I love antiques. As I write I’m sitting in an old Windsor chair at a table Glenn built from wood from his grandparents’ old log cabin. My computer backs up to an old embroidered Valentine doily that boasts old blue Mason jars repurposed as candle holders.
A few months ago, Glenn found an old rock chimney he was able to purchase from which he made me a stone fence around a little kitchen garden area. We spent some months of diligently looking till we found an old iron gate to make an entranceway through the stone wall. I never thought about the difference an old iron gate would make in the nostalgic feel of that little spot.
An old gate. I may have thought I had an old gate outside, but in the Canaanite city of Laish, there’s an OLD gate. This ancient part of Tel-Dan was founded about 6000 years ago and the gate of the city has been unearthed, having been preserved well by a rampart having been erected over it in a later war.
The thrilling thing about this gate is that it seems almost certain to me that Abraham passed through it when he went to rescue Lot in Genesis 14:14. This is the location of Abraham’s travel with the 318 servants that were born in his own house. The gate’s common name today is “Abraham’s gate”.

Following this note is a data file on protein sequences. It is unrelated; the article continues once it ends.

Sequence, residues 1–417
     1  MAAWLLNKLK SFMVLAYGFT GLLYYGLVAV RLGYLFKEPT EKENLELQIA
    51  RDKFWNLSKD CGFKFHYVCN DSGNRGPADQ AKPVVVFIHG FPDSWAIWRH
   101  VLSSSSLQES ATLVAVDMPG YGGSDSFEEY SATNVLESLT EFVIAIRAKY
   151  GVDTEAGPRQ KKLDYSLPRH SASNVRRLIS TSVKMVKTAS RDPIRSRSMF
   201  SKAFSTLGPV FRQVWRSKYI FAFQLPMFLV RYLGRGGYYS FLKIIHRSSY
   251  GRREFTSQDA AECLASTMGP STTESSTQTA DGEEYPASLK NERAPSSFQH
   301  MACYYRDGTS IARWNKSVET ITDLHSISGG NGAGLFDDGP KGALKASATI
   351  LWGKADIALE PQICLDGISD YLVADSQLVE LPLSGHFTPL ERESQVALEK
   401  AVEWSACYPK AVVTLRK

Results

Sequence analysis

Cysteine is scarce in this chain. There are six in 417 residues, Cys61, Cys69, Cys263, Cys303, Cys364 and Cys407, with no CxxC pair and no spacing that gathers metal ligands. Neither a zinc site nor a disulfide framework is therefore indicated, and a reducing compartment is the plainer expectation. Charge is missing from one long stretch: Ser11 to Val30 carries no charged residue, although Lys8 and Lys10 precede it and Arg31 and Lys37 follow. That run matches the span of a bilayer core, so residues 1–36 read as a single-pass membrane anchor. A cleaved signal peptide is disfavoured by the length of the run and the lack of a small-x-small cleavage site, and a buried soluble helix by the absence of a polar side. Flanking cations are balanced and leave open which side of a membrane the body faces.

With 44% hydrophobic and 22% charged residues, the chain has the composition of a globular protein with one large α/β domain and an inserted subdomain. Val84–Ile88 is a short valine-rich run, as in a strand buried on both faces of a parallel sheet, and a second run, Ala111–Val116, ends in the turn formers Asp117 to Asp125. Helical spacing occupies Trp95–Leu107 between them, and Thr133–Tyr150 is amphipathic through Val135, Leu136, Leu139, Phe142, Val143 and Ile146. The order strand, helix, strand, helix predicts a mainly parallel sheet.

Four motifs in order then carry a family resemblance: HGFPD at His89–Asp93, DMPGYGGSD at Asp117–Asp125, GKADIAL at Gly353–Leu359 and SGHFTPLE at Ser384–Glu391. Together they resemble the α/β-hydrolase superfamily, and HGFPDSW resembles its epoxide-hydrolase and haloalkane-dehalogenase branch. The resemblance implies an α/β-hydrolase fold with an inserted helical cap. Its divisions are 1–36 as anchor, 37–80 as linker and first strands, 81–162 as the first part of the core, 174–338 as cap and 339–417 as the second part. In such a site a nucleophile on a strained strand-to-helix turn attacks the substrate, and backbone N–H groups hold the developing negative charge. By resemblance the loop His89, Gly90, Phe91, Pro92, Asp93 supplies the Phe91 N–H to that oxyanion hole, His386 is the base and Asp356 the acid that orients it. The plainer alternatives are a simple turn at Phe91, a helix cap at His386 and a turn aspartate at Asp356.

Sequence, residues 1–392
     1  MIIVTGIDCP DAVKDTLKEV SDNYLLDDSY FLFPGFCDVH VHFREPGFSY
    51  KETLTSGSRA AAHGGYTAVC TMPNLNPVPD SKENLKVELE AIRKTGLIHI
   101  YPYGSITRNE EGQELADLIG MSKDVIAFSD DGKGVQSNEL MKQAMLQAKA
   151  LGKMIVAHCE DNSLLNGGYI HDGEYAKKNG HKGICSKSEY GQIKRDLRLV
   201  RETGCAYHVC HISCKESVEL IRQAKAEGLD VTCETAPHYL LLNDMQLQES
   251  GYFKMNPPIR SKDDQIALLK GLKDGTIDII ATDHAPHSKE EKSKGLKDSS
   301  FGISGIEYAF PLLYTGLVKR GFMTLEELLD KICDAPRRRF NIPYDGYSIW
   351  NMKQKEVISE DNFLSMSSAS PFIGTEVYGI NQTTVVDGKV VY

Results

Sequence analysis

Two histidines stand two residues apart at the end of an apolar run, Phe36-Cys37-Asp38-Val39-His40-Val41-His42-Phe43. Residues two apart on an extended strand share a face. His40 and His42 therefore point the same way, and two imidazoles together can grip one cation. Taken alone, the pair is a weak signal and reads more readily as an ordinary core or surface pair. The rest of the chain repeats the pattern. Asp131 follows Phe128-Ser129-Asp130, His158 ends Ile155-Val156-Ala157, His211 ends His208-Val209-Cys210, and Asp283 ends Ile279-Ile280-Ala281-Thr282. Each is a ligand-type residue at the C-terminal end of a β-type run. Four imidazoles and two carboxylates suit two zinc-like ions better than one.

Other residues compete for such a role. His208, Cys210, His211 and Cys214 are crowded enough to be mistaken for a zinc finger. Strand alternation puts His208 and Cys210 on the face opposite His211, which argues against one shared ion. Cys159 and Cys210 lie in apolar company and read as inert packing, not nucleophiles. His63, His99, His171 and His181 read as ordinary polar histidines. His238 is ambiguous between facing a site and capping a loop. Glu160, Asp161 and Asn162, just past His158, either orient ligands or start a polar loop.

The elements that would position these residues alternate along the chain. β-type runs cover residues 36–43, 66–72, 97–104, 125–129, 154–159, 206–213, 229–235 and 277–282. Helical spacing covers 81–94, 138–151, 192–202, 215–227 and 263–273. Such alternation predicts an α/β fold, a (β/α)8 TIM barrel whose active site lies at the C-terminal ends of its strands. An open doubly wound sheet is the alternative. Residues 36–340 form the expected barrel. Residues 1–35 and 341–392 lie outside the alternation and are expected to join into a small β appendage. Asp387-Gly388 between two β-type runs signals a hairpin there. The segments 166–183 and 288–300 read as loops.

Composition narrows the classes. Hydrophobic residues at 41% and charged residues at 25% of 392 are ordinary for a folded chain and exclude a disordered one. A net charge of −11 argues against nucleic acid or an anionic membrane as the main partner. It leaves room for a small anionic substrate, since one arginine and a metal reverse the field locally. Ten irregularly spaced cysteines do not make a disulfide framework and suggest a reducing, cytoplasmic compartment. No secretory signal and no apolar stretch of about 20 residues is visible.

As I looked at this gate, which is currently undergoing some restoration, I thought about Uncle Abraham going to rescue Lot, for whom he later made the sacrifice of the best land and who ultimately was father to two Canaanite nations that would plague the children of Abraham for centuries: the Moabites and the Ammonites (Genesis 19:37-38). His likely passage through this gate was just a passage through which God was working His own plan for the conquering of the Canaanites, the settling of the promised land, the ultimate birth of the Redeemer in a nation that had passed through the fire of enemy nations and been humbled because of their conformity to those nations. It was a passage through which God was getting us to our promised land around His throne.
The term “old” is relative, for sure. This is an old gate.